Pacific octopuses show us that when we damage our seas, we kill thinking, feeling creatures whose minds might be startlingly like our own.
JUST off Seattle’s coastline lives something more alien, fascinating and emotionally appealing than any science-fiction space character.
It has unearthly superpowers: It can taste with its skin; it can resist a pull 1,000 times its own weight; it can change color and shape, squirt ink and inject venom; it can grow to more than 100 pounds, yet pour its baggy, boneless body through an opening the size of an orange.
I’m speaking of the giant Pacific octopus — a creature that lives wildly right outside your doorstep. But you’d have to go to outer space, or to science fiction, to find a being more unlike us humans. Yet — and this is the most exciting aspect of this sea-dwelling “alien” — an octopus can recognize individual humans, even make friends with them. Octopuses are remarkably smart.
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At the New England Aquarium, I got to know giant Pacific octopuses that, when I opened the top of the tank, would look me in the eye, turn color with emotion and slide over to my side of the tank to reach out of the water and grasp my arms and hands with dozens of strong, white, questing suckers. But they didn’t like everyone. Once I brought a visitor and one octopus squirted her straight in the face with saltwater. Another time, my octopus friend embraced me with a few of her arms, while at the same time used her other arms to repel another visitor.
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Experiments at the Seattle Aquarium, conducted by Roland Anderson and his colleague, University of Lethbridge psychologist Jennifer Mather, proved that octopuses recognize individual people, even when those people were identically dressed. Octopuses quickly learned to approach people who fed them, and they moved away from people who touched them with a bristly stick.
Though this surprised some scientists, octopuses’ intelligence and personalities were well-known to octopus keepers, who recognize that the octopuses in their care are individuals, too. This is reflected in the names keepers give them. At Seattle Aquarium, one octopus was so shy she was named Emily Dickinson because she hid all day long. Her keepers eventually released her into Puget Sound, where she came from. Another was named Leisure Suit Larry because the minute you peeled one of his arms off you, he’d glom on to you with two others.
Octopuses are marvelously dexterous and enjoy manipulating objects: They open jars; they love puzzles. To keep smart octopuses from becoming bored, keepers refer to an “octopus enrichment manual,” which recommends that keepers give octopuses the same toys to play with that we give children. They put together and pull apart Legos. They dismantle Mr. Potato Head. Roland Anderson found that octopuses like pill bottles (whose childproof caps they could easily open, a task difficult for even some people) and they even documented an octopus bouncing a pill bottle off a wall the way a child would bounce a ball. Using her siphon, with which the animal jets through the sea, one octopus would push the bottle into a stream of water circulating through the tank so that the bottle would come floating back to her, again and again — she did this 20 times.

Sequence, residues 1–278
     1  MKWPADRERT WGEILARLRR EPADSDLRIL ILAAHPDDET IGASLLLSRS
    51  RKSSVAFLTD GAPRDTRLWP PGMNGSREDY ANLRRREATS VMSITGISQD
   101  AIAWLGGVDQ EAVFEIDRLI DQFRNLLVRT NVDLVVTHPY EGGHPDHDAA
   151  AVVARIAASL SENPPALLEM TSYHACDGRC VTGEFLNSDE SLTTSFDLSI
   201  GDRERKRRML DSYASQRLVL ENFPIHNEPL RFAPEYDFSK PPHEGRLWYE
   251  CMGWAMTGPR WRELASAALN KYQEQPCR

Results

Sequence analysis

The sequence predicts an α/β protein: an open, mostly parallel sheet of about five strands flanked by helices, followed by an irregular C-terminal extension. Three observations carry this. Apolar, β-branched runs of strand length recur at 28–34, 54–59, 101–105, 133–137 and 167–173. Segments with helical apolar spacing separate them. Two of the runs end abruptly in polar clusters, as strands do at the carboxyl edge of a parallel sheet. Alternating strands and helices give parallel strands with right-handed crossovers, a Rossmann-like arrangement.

It’s no wonder that people who know the charms of octopuses celebrate these creatures. A group of Seattle area divers came to know a particularly friendly wild female they called Olive, who would accept fish from their hands. One day, they discovered that Olive had laid eggs — as female octopuses do, just once, near the end of their lives. For months, the divers would visit her in her den as she cleaned, aerated and guarded her tens of thousands of rice-grain-sized eggs, hanging like clusters of grapes from the ceiling of her den. Divers videoed the eggs as they hatched, and Olive, with the last of her waning strength, used her siphon to blow her babies out of the den and into the open ocean.
In 2012, I read with dismay about a teen who killed an 80-pound giant Pacific octopus at Seattle’s Cove 2, a popular dive site. Outrage from the local diving community and from octopus lovers from around the world prompted a push to make the site a state-protected marine park.
This is as it should be. Even though a legal fishery exists for giant Pacific octopuses, eating an octopus holds as much appeal for me as killing E.T. for lunch.
But the octopuses of Cove 2 — and those all over the world — need protection. As the hideous oil spill off Santa Barbara’s coast cruelly shows, even the powerful ocean can be rendered delicate, sometimes in a matter of minutes. Our giant Pacific octopuses show us that when we damage our seas, we not only poison a resource: We kill thinking, feeling creatures whose minds might be startlingly like our own.